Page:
Up until 1990, a man named Toimi Soini of Finland held the world record for staying awake a full 276 hours, which equals 11 ½ days without sleep [source: Salkeld]. Although no one has bested Soini's record, it no longer appears in the Guinness books, since the organization withdrew the category entirely on health grounds.
That's because we need sleep and those who don't get to sleep at all, in fact, die. This was the horrific cause of death for Chicago music teacher Michael Corke, whose brain literally stopped shutting down and allowing him to sleep. Corke suffered from a rare form of prion disease called fatal familial insomnia, where the PrPc gene stops encoding proteins, which allows plaque to build up around the thalamus [source: Merck]. This brain region is responsible for regulating our sleep patterns, and with its transmissions interrupted by plaque, the mind and body remain in a state of wakefulness.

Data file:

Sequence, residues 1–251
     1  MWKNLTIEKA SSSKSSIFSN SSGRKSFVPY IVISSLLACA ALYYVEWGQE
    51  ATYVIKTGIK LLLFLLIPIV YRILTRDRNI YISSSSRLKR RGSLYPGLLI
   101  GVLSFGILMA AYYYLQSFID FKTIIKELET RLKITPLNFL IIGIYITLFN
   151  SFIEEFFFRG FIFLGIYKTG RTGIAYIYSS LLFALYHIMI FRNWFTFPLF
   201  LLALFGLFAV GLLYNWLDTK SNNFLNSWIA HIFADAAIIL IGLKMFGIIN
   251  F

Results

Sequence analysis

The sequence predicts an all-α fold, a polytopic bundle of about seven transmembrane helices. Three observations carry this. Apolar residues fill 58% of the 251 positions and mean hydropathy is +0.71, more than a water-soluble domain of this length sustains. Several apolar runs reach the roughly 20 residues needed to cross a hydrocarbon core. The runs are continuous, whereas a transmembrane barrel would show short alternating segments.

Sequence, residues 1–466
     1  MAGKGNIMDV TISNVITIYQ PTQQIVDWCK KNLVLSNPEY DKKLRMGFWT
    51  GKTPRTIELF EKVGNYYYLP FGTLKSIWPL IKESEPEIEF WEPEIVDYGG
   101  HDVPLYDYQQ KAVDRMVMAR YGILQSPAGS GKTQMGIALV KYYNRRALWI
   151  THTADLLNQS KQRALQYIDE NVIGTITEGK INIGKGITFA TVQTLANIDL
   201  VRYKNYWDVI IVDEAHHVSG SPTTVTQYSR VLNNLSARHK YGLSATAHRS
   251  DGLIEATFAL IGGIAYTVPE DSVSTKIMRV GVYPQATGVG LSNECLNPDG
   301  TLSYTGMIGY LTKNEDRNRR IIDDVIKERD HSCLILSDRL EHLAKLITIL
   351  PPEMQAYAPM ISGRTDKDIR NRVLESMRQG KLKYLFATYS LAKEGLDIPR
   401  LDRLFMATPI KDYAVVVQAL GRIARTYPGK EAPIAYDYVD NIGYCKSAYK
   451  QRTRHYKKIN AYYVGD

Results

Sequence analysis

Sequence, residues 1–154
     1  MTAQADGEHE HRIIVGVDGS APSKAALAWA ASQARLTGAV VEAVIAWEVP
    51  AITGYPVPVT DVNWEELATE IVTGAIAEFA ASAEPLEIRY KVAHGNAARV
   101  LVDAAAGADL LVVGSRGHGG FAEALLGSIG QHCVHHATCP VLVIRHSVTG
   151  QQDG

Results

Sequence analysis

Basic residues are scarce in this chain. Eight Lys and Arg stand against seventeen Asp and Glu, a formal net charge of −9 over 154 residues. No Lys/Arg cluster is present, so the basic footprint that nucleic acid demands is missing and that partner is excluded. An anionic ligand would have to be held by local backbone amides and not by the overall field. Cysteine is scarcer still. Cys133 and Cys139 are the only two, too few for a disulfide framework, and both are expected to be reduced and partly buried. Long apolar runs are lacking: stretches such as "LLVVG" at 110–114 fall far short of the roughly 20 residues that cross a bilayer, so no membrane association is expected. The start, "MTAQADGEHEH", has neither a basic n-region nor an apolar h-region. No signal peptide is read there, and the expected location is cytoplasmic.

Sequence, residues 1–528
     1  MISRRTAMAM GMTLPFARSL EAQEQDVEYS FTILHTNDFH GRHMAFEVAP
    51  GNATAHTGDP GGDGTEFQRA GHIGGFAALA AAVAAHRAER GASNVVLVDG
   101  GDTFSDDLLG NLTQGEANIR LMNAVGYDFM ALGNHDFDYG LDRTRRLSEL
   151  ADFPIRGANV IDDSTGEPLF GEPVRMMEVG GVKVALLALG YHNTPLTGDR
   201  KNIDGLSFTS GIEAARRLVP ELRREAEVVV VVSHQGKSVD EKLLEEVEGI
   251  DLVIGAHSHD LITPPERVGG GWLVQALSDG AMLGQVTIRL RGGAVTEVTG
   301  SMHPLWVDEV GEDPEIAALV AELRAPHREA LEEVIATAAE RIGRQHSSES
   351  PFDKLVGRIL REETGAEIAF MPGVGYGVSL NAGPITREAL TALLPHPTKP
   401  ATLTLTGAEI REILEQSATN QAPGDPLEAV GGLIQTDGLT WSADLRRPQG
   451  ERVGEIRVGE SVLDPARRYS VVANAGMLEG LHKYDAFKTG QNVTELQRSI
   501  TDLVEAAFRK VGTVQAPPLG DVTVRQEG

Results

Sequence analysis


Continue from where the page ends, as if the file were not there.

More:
Within a few months Corke deteriorated into dementia. In an effort to shut his brain down, physicians induced a coma with sedatives and found that his brain continued to remain active [source: Flusfeder]. Corke died in 1992, six months after his insomnia first began.